The Manchester Interdisciplinary Biocentre (MIB) is officially opening on 25/26th October 2006. The centre has been about a decade in the making, and aims to be a world-class research centre, with around £37 million (~$70 million) of initial funding from the Wellcome Trust charity, UK Research Councils and others. If you’re looking for a bioinformatics job, PhD, PostDoc etc in the UK, MIB is continuously hiring and looks like a good place to work, if the opening programme (which follows) is anything to go by.
Unfortunately the MIB web pages aren’t quite world class yet, the promotional launch material is only available in pdf format, *sigh*, see references below. So I’m blogging the MIB Symposium launch programme here to put the stuff online. Talks scheduled for the second day of the opening, 26th October 2006, are listed below, and these can be attended by free registration (see references):
Session 1: Bio-molecular machines, 9.00-11.00
Session chaired by Alan North, Dean of the Faculty of Life Sciences
- John E. Walker (MRC Dunn Human Nutrition Unit, Cambridge, UK): Biomolecular rotary motors.
- Yoshi Nakamura (Tokyo University, Japan): Aptamer as RNA-made super antibody for basic and therapeutic applications
- John McCarthy, (Manchester Interdisciplinary Biocentre): Molecular mechanisms underlying post-transcrptional gene expression.
- Refreshment break
Session 2: Biomolecular Structure and Dynamics, 11.00-12.40
Session chaired by Bob Ford, Professor of Structural Biology, Faculty of Life Sciences.
- Alan Fersht (MRC Centre for Protein Engineering, Cambridge, UK): Structure and Stability of the Tumour Suppressor p53.
- Gerhard Wagner (Harvard Medical School, Boston, MA, USA): NMR studies of protein interactions regulating gene expression.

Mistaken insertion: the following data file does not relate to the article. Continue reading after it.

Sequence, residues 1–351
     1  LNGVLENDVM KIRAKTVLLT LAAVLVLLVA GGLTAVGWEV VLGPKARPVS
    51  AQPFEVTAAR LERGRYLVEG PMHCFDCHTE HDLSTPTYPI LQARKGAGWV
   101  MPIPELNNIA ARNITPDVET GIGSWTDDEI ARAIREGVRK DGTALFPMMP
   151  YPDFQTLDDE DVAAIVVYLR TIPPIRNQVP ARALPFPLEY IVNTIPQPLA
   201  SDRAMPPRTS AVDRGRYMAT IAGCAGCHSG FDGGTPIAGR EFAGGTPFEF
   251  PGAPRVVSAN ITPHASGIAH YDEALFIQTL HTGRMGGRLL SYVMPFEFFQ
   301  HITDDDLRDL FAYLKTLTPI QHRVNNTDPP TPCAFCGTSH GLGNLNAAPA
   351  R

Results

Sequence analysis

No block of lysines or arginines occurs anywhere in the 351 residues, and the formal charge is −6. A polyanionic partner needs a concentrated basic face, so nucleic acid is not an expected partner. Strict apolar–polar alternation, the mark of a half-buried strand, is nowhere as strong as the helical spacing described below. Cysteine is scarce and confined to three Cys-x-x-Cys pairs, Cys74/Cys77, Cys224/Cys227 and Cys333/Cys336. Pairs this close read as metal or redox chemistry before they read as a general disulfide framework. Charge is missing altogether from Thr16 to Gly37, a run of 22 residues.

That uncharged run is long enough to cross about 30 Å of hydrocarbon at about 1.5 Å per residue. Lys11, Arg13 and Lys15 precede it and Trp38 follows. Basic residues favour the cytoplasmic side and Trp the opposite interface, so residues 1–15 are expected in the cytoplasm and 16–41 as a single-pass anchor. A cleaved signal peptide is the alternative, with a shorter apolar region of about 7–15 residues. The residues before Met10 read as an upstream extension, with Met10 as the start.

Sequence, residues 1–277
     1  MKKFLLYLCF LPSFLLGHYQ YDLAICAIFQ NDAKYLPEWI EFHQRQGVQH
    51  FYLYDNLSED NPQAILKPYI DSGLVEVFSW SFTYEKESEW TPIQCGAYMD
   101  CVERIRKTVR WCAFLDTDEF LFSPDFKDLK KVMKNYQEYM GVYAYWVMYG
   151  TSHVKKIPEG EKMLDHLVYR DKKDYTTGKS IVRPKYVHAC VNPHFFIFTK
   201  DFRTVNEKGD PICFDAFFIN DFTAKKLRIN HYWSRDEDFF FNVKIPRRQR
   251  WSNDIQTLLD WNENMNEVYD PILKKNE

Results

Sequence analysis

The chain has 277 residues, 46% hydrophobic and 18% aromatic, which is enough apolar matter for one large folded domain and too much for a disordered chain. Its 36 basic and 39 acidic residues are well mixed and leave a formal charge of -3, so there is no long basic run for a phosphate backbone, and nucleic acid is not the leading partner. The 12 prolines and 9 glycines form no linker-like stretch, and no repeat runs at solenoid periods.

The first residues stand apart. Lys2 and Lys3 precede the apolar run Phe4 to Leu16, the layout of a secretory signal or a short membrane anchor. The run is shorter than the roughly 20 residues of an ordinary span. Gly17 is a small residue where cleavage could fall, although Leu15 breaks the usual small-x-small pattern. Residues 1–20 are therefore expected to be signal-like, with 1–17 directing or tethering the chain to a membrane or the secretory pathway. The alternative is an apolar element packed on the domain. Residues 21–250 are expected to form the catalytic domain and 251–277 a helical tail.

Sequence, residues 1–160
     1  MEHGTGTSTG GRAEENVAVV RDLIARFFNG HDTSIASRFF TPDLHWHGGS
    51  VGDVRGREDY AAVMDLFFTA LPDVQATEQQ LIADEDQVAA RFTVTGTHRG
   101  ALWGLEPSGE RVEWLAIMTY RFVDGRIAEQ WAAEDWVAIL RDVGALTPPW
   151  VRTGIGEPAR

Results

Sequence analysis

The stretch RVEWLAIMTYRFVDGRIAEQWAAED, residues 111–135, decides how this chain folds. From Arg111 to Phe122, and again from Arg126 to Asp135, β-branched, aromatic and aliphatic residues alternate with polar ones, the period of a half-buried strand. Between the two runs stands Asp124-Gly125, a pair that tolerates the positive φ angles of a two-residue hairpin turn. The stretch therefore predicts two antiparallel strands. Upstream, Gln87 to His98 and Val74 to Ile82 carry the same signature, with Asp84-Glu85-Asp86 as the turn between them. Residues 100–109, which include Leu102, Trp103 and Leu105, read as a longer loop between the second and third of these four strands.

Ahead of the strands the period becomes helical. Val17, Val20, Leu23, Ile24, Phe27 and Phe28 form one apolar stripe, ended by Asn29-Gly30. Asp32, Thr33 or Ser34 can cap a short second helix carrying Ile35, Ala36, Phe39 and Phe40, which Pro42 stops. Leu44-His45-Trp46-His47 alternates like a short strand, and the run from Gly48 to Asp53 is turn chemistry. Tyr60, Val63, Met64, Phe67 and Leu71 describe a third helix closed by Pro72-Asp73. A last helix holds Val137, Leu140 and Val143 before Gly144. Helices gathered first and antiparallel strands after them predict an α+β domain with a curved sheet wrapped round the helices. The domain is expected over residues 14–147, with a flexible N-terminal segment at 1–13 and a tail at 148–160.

- Stefan Weber (Freie Universität Berlin): Aspects and Prospects of Modern Electron Paramagnetic Resonance Spectroscopy.
Session 3: Systems and Information, 13.35-15.45
Session chaired by John Perkins, Dean of Faculty of Engineering and Physical Sciences.
- Greg Stephanopoulos (MIT, Cambridge MA, USA): Promise and challenges of systems biology in advancing biotechnology and biomedical research.
- Douglas Kell, (MIB and School of Chemistry, University of Manchester): Systems Biology – why and how.
- Jean Beggs (Wellcome Trust Centre for Cell Biology, The Univeristy of Edinburgh, UK): Messenger RNA processing – a complex system.
- Jun’ichi Tsujii (MIB and School of Computer Science, University of Manchester): Linking text with knowledge – challenges for Text Mining in Biology.
Session 4: Biocatalysis, 16.10-17.00
Session chaired by Hans Westerhoff, Manchester Interdisciplinary Biocentre
- Nigel Scrutton (MIB and Faculty of Life Sciences): ‘Squeezing’ barriers – a dynamical view of enzyme catalysis.
- Gill Stephens, (MIB and School of Chemical Engineering): Redox biocatalysis – the next generation of enzymes for manufacturing pharmaceutical intermediates and specialty chemicals.
Session 5: Bionanoscience and engineering: 17.00-18.00
Session chaired by Peter Fielden, Chemical Engineering
- Joseph Wang (Arizona State University, USA): Nanomaterials for monitoring and controlling biomolecular interactions.
- Milan Stojanovich (Columbia University Medical School, New York, USA): Deoxyribozyme-based devices.
Session 6: Postgenomic Analytical Technologies, 18.00-19.10
Session chaired by Roy Goodacre, MIB and School of Chemistry
- Ruedi Aebersold (ETH Zürich): Quantitative Proteomics and Systems Biology
- Simon Gaskell, MIB and School of Chemistry: New analytical science in proteomics and metabolomics.
- Concluding remarks.
- Hannah Hoag (2004) All systems go: Manchester Interdisciplinary Biocentre Nature. 427 (6974), 568-9. DOI:10.1038/nj6974-568a
- John McCarthy (2004) Tackling the challenges of interdisciplinary bioscience. Nature Reviews Molecular cell biology. 5 (11), 933-7. DOI:10.1038/nrm1501
- More publications about Manchester Interdisciplinary Biocentre (MIB) tagged in Connotea
- Manchester Biocentre launch programme 25th October 2006 (pdf)
- Manchester Biocentre launch programme 26th October 2006 (pdf)
- This post was originally published on nodalpoint with comments